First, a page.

Org mode allows you to encrypt both individual items and entire files. I’ve just released support for encrypting individual entries using beorg, my iOS task manager which works with Org mode files, so thought it would be useful to show you how to configure encryption for Emacs and Org mode.
In this post I’m going to show you how to:
GPG Suite is the quickest way to get GnuPG onto macOS. GnuPG is needed by EasyPG which is how Emacs supports OpenPGP. GPG Suite comes with a 30 day trial of a plugin for macOS mail - however the tools that we need aren’t subject to a trial. In fact even the paid GPG Mail plugin is licensed under the GPL v3 so you could build it yourself if you wanted to from source.
So, head on over to gpgtools.org and click the Download button.
Once downloaded double-click the downloaded file (in my case it was called
GPG_Suite-2019.2.dmg) and then run the installer.
Once installed you can start configuring Emacs.
For our purposes the term symmetric key means you’re using the same password for both encryption and decryption. This is the simplest way of getting started and the limit to what we are going to cover.
When Emacs starts one of the files it looks for is
~ just means your home directory). It is here that we are going to configure Emacs and Org mode so we can encrypt some of our Org mode items.
Using Emacs (or another editor if you want to be able to restart Emacs and make changes to init.el quickly if there were any errors) start editing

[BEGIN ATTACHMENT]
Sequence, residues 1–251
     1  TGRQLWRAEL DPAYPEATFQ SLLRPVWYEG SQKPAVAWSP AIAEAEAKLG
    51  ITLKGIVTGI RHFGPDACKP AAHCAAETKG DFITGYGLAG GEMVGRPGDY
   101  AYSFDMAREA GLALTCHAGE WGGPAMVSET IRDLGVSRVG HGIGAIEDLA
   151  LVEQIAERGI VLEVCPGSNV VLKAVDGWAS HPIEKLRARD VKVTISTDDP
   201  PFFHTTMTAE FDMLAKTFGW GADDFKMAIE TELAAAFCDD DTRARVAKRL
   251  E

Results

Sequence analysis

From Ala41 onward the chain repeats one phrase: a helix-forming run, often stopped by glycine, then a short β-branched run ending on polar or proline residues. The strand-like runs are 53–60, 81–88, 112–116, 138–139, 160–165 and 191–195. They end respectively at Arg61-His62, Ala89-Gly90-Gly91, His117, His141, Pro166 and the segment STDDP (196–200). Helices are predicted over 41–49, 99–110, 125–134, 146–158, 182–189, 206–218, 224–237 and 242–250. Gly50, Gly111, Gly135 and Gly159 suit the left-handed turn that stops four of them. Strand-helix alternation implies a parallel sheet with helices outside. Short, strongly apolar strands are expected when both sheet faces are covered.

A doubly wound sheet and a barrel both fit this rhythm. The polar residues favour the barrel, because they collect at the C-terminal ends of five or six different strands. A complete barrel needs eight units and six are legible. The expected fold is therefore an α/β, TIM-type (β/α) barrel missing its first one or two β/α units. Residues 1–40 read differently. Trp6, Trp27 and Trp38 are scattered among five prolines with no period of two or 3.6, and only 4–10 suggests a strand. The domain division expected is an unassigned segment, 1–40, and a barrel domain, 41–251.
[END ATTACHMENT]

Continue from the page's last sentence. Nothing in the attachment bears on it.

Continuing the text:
~/.emacs.d/init.el. If the file doesn’t exist create it (creating first the directory
.emacs.d in your home folder.)
A file or folder whose name starts with a
.is hidden by the macOS Finder.
Add the following lines to init.el:
Lines 1 - 3 enable some needed libraries. Line 4 makes sure that when a file is saved any entries that were decrypted are encrypted before the file hits your SSD or harddisk. Line 5 ensures things don’t get confused if an encrypted item has children (you probably don’t want to encrypt each child individually and then encrypt the parent). Finally on line 6 we say that we are just going to use a password to encrypt entries rather than a public/private key pair.
If you were using Emacs to edit
init.el then save the file and restart Emacs. If using another editor then just start Emacs.
In Emacs create a new .org file and add an item, for example
* Item with information I want to keep secret The server password is B7!3a9!ZX
Put the cursor either on the headline (title) or anywhere in the notes, then do Option + X to bring up the Emacs minibuffer and type the command:
You’ll be asked to enter a passphrase. This is the password you’ll use to encrypt the entry.
Once you’ve confirmed the password the item’s notes will be replaced with a PGP message representing the encrypted text.
To get your notes back you’ll need to decrypt them. Put the cursor anywhere in the item, do Option + X again and this time enter the command:
At this point you may be given a warning about auto-save-mode causing leakage - in which case you’ll want to answer y to disable it for the buffer.
If you didn’t untick the option to save the password to the Keychain you’ll be presented with the decrypted notes.
If you are going to be using encryption regularly with Org mode you might want to set some keyboard shortcuts for encryption and decryption, however that is beyond what this post is going to cover. You may also want to take a look at encrypting entire files - and using asymmetric encryption techniques.
Don’t forget the password you use to encrypt entries as OpenPGP is quite secure and you’ll find it next to impossible to recover your data.
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